NASA is inviting Steph Curry to their lunar lab in Houston to check out moon rocks and other lunar landing evidence after the Golden State Warriors player revealed he didn’t believe U.S. astronaut Neil Armstrong actually landed on the moon.
On an episode of the “Winging It” podcast, Curry changed topics from dinosaurs to the 1969 moon landing by asking his fellow guests, “We ever been to the moon?”
The group, including fellow NBA players Vince Carter, Kent Bazemore, and Andre Iguodala, unanimously announced “nope,” prompting a discussion about conspiracy theories – like the predominant theory that “The Shining” director Stanley Kubrick filmed the whole moon landing on a studio soundstage for NASA.
“They’re going to come get us,” Curry adds. “Sorry, I don’t want to start conspiracies.”
Curry took some heat on Twitter for his assertion, before NASA reached out to him to invite him next time the Warriors take on the Houston Rockets.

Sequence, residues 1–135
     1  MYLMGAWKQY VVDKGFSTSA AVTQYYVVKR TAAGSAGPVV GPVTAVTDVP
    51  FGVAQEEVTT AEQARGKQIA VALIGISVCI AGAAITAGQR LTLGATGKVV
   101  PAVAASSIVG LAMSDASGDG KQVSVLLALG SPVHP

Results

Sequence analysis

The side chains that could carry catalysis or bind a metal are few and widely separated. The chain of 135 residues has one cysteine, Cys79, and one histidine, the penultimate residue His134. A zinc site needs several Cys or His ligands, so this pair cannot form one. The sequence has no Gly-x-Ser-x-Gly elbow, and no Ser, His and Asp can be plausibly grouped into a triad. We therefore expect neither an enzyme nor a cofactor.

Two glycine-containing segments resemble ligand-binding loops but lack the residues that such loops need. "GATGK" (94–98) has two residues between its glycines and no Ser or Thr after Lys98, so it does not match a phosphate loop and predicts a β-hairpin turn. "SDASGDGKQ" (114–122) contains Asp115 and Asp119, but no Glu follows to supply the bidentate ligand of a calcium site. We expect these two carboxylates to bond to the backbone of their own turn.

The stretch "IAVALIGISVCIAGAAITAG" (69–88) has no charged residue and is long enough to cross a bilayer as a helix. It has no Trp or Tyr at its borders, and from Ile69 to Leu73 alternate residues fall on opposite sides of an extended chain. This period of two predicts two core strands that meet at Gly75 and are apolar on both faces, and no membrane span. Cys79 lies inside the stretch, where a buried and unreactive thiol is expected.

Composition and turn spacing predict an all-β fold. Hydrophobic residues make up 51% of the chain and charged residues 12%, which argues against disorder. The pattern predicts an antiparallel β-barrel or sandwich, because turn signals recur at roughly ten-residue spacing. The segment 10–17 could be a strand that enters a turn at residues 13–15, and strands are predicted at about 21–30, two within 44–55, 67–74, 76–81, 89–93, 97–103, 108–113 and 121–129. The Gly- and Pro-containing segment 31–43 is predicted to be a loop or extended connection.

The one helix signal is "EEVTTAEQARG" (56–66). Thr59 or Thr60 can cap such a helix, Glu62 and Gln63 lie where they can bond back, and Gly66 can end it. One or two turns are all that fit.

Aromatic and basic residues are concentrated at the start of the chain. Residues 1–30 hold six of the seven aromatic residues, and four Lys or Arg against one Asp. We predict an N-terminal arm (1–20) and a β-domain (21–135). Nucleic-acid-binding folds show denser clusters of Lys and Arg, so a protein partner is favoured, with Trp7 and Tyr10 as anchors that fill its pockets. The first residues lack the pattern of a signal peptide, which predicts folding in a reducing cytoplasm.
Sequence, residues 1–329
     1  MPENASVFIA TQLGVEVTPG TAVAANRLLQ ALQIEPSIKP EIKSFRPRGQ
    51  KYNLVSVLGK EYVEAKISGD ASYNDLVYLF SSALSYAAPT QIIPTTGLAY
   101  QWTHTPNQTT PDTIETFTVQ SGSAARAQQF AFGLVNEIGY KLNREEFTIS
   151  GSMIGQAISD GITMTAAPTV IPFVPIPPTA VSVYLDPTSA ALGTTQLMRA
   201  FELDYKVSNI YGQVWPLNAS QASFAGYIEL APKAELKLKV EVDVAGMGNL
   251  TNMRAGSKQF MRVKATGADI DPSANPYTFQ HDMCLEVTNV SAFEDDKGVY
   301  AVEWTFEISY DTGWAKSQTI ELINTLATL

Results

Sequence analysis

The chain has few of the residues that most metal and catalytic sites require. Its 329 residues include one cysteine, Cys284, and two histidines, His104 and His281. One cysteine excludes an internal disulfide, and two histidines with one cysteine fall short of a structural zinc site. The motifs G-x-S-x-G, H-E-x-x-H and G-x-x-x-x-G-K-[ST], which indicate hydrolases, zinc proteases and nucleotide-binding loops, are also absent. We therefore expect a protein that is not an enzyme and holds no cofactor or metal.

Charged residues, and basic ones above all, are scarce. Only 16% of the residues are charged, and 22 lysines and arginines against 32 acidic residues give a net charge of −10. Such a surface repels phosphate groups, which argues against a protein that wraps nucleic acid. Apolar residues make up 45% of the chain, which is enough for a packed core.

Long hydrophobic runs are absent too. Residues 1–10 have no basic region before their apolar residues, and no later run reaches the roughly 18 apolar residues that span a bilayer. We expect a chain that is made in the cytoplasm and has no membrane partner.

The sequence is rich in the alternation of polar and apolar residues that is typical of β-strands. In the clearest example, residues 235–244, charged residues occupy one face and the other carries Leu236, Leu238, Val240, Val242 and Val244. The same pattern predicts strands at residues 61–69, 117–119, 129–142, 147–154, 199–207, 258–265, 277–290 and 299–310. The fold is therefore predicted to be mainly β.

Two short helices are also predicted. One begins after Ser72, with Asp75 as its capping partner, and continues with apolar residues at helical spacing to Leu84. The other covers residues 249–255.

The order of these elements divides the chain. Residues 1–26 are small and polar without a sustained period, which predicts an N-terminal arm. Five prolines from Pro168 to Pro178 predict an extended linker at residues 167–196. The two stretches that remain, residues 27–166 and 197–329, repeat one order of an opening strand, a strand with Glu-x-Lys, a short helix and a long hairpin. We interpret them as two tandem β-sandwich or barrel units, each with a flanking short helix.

“We’d love for Mr. Curry to tour the lunar lab at our Johnson Space Center in Houston, perhaps the next time the Warriors are in town to play the Rockets,” NASA spokesperson Allard Beutel tells the New York Times. “We have hundreds of pounds of moon rocks stored there, and the Apollo mission control. During his visit, he can see firsthand what we did 50 years ago, as well as what we’re doing now to go back to the moon in the coming years, but this time to stay.”
Meanwhile, on Wednesday the athlete told ESPN his comments about the lunar landing being “fake” was all in jest.
“One thousand percent,” Curry told ESPN on Wednesday of accepting NASA’s invite. “One thousand per cent. Obviously I was joking when I was talking on the podcast. [Then] I was silently protesting how stupid it was that people actually took that quote and made it law as, ‘Oh my God, he’s a fake-moon-landing truther,’ whatever you want to call it, yada, yada, yada. So I was silently protesting that part about it, how the story took a life of its own.”
“But in terms of the reaction that I’ve gotten, I am definitely going to take [NASA] up on their offer. I am going to educate myself firsthand on everything that NASA has done and shine a light on their tremendous work over the years. And hopefully people understand that education is power, informing yourself is power. For kids out there that hang on every word that we say, which is important, understand that you should not believe something just because somebody says it. You should do your homework and understand what you actually believe.”
“But I’m going to go to NASA and I’m going to enjoy the experience wholeheartedly.”